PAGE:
The Belly Dance Prescription: Shake Your Hips and Depression!
I was on my way to perform for a fundraiser with a sister belly dance troupe a few years ago when I encountered a cattle drive. They are expected out here in the “Wild West,” and it struck me as particularly humorous to slowly work my car through hundreds of cattle while dressed in full belly dance attire. The experience did give me a perfect opportunity to slow down and think about one of my all-time favorite activities.
I am proud and happy to announce my second ebook, The Belly Dance Prescription: Shake Your Hips and Depression!, is now available at www.TheAlchemistsHeart.com. I am sharing information inside about the origins of this ancient dance and the marvelous ways it increases health and well-being.
PDF eBook Price: $9.99 [wp_cart_button name=”The Belly Dance Prescription” price=”9.99″ file_url=”http://books.thealchemistsheart.com/The-Belly-Dance-Prescription-by-Christy-Harvey.pdf”]
Until you read your copy, consider this.
Belly dancing is my top recommendation for exercise and self-expression for prenatal and postpartum women. I love to watch and participate in dance wherever it finds me. I have found that most dance forms which are typically accepted as “serious” art, including jazz and ballet, have a narrow range of “acceptable” body types. Pregnant and postpartum women with rounded bellies and a new fullness to their hips may be uncomfortable trying to fit inside these strict parameters. Movements that leap and extend away from the earth with long, straight lines do not come naturally to the rounded, feminine form.
Belly dance, on the other hand, consistently helps women of all shapes and sizes express their emotions and feel beautiful in their own skin. In my role as belly dance instructor, women often approach me to say they are too fat, too thin, uncoordinated, or unattractive because of stretch marks and caesarian scars. I tell them to come on in and give it a try. A wonderful process unfolds as women enter into a supportive group environment and begin to accept themselves. New dancers expand their energy, strengthen and lengthen their bodies, increase their endurance and reclaim healthy self-expression. Rather than sucking in their stomachs and being ashamed of taking up space in the world, women learn to accept themselves. Bellies begin to be embraced as the center of our bodies and as respected spaces to create new life.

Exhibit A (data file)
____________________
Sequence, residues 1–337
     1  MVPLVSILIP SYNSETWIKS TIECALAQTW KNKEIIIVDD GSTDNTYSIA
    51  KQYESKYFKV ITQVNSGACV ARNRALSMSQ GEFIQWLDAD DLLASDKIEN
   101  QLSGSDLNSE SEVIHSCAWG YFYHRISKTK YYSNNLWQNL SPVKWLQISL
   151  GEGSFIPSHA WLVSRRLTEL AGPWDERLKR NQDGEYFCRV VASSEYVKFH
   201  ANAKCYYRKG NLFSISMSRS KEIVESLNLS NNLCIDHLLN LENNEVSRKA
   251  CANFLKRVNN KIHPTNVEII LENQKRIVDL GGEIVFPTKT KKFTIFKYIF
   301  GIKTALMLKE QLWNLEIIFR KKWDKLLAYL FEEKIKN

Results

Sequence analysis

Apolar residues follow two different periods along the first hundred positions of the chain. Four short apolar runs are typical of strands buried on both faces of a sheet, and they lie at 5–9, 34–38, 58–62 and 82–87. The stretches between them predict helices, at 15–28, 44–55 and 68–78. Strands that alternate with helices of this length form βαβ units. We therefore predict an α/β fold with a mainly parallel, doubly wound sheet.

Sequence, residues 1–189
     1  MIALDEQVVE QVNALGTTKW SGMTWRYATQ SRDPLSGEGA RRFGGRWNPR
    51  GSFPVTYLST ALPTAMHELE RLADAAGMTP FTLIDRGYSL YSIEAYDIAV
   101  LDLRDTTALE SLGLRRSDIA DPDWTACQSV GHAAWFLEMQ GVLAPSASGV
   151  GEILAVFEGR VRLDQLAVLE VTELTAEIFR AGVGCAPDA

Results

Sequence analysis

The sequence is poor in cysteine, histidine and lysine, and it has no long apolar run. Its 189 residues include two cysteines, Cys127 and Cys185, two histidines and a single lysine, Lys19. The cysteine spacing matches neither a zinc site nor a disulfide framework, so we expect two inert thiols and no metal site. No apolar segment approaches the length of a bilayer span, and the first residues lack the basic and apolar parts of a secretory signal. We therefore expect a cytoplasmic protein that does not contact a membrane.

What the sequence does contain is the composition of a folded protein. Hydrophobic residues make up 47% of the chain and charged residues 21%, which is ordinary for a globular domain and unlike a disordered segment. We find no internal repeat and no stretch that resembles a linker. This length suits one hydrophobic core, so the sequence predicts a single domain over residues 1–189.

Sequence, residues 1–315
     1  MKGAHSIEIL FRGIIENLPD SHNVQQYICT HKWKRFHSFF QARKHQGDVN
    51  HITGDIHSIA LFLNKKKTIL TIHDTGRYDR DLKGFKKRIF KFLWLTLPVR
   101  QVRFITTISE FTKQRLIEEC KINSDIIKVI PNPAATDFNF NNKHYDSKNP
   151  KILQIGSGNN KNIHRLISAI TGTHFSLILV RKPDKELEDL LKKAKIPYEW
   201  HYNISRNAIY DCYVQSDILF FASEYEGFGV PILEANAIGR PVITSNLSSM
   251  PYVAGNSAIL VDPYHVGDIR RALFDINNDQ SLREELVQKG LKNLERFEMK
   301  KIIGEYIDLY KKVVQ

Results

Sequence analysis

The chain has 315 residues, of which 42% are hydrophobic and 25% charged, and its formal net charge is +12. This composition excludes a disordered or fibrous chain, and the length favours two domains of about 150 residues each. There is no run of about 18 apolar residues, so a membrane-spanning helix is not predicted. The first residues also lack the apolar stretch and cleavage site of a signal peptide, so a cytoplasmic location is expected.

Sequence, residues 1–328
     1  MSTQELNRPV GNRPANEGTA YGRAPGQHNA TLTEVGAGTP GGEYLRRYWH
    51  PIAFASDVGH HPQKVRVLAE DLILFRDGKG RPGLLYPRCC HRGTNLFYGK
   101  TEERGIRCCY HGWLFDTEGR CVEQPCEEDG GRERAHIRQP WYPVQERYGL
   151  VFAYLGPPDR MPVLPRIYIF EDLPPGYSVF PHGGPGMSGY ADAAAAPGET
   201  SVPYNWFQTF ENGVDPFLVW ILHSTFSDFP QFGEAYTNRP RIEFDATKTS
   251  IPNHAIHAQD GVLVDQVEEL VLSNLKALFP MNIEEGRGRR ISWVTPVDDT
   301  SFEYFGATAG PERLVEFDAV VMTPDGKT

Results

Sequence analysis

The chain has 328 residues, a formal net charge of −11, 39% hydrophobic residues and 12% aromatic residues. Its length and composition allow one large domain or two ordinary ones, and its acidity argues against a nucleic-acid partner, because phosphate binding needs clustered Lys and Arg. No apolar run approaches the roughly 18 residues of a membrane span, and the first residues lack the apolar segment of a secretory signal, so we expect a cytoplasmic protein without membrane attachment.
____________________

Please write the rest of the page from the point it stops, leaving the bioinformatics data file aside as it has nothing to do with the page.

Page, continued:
If you are fortunate enough to live in an area that offers belly dance instruction, particularly for prenatal and postpartum women, I encourage you to sign up for a wonderful adventure. Michelle Maniaci of www.NurturingMoves.com in Florida tailors yoga and belly dance for pregnant and postnatal women specifically for therapeutic purposes. Check your local bulletin boards, ask around and search online to see what is available. If you can’t find a local class, consider checking your local library or an online retailer for beginning belly dance DVDs to get you started. The legendary Delilah has a website at www.VisionaryDance.com offering a terrific array of instructional dance videos, informative articles and links on all aspects of the dance.